What next?

C++ is an extremely large and complex language. It is not possible to learn C++ in one afternoon. Moving on from this workshop, there are several training resources that are available.

If you want to learn how to parallelise or vectorise code using C++, then I have two (more advanced) workshops;

However, to properly follow these, you will need to increase your C++ knowledge using more intermediate material. As I wrote in the introduction, the best way to learn C++ is to read the excellent beginners overview Programming: Principles and Practice using C++, which was written by the creator of C++, Bjane Stroustrup.

This book will give you an excellent grounding in all aspects of the language, including the many concepts that underly how to write good quality C++.

C++ is a massive language, and will take months to learn and years to master. There are around 100 keywords, which are listed and described here.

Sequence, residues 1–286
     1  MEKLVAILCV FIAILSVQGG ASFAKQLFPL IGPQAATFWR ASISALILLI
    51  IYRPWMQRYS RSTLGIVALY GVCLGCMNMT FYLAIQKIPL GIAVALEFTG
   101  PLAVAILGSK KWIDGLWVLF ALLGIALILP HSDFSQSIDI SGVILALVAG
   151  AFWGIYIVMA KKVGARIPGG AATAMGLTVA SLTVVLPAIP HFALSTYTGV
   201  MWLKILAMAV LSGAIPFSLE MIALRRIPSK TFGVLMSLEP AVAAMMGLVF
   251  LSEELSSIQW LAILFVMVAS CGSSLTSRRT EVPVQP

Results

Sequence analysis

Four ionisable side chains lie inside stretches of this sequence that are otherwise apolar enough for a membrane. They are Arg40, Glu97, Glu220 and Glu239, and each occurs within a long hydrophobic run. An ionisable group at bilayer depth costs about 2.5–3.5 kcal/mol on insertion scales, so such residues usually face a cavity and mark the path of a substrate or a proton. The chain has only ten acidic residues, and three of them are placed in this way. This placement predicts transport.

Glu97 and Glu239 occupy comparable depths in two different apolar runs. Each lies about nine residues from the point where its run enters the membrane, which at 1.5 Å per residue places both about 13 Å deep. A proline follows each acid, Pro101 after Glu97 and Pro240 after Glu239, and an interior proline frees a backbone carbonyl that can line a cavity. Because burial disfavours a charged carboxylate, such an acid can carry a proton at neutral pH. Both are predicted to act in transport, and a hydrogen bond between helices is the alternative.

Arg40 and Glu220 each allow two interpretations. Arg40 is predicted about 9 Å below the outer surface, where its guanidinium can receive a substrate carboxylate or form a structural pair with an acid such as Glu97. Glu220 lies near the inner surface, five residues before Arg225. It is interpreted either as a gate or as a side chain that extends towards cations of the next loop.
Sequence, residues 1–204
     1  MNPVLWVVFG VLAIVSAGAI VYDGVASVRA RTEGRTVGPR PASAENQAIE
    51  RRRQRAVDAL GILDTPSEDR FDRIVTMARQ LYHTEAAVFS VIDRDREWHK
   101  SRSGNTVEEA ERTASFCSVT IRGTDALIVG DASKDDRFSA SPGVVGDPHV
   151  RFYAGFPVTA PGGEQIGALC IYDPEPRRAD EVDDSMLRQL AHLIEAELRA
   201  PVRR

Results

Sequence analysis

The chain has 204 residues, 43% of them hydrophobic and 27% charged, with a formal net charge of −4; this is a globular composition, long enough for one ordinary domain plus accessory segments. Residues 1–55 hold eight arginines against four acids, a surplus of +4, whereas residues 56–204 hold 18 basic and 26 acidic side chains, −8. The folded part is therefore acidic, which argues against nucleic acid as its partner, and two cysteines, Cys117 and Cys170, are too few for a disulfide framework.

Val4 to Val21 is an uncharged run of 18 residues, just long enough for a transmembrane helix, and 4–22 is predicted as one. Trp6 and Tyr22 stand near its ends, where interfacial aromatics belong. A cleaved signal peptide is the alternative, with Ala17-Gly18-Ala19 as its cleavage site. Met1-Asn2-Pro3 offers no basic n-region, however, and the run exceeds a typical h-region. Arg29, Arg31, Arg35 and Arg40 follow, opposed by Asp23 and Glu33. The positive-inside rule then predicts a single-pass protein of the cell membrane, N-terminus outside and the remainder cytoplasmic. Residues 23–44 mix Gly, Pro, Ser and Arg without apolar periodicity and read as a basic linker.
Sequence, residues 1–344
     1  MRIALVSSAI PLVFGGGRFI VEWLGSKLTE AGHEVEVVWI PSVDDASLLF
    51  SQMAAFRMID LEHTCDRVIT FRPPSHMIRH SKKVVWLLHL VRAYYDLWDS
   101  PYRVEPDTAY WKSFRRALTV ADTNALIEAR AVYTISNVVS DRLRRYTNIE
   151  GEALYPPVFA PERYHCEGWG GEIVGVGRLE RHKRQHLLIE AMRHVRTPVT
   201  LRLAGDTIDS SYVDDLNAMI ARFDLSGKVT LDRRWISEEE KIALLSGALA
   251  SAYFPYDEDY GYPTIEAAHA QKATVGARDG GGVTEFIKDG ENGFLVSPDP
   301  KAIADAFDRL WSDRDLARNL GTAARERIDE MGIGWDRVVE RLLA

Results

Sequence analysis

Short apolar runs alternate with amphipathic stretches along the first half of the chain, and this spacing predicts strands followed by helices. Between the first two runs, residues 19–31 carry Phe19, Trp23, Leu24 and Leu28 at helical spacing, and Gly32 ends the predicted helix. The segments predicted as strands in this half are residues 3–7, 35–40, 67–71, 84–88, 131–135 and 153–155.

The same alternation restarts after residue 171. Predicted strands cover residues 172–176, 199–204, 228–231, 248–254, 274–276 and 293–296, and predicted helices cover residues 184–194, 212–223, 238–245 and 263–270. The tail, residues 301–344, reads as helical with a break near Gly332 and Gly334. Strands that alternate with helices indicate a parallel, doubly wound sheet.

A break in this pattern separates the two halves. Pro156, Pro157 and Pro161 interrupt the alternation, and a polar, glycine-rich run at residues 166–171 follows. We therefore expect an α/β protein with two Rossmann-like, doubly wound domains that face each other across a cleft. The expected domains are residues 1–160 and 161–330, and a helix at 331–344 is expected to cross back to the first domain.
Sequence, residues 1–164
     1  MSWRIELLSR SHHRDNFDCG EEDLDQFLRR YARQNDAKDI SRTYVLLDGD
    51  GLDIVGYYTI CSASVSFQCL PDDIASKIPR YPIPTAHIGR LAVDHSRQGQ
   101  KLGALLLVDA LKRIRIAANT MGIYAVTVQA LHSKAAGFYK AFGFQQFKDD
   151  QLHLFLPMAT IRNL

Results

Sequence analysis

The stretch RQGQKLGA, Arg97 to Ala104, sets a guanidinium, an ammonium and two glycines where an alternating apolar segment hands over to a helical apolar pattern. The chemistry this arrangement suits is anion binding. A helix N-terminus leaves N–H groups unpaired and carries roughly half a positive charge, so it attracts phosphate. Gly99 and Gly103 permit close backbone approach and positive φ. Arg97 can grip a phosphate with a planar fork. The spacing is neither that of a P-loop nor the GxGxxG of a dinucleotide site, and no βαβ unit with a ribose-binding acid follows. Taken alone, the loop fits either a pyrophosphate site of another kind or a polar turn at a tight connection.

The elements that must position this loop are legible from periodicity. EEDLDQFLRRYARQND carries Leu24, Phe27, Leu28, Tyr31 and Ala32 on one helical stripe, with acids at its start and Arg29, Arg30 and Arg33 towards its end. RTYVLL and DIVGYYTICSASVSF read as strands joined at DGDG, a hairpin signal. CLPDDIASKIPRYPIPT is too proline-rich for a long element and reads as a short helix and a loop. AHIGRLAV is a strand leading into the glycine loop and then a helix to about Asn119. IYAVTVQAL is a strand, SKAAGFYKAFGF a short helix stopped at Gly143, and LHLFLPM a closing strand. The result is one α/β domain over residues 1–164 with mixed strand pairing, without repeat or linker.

There are also several libraries that make it much easier to work with C++. In addition to the standard template library - STL, useful libraries to discover are;

In addition to having a great array of libraries, it is also easy to interface C++ with other programming languages. In particular, it is straightforward to wrap up C++ code such that C++ classes can be used directly in Python. This means that you can write fast C++ classes that are usable in the friendly interface of Python (or Jupyter). This gives you the best of both worlds - the speed of C++ and the flexibility of Python. To learn more, check out the following;

Finally, C++ is huge and deep. There are many concepts that I have not covered in this workshop that are important to understand C++. To learn more, search the web for “C++” with the below phrases (e.g. “C++ Function overloading”). In no particular order, these include;

The above is not an exhaustive list. If you find any useful tutorials or workshops that explain any of the above, then let me know and I will add some links.

Happy C++ programming :-)


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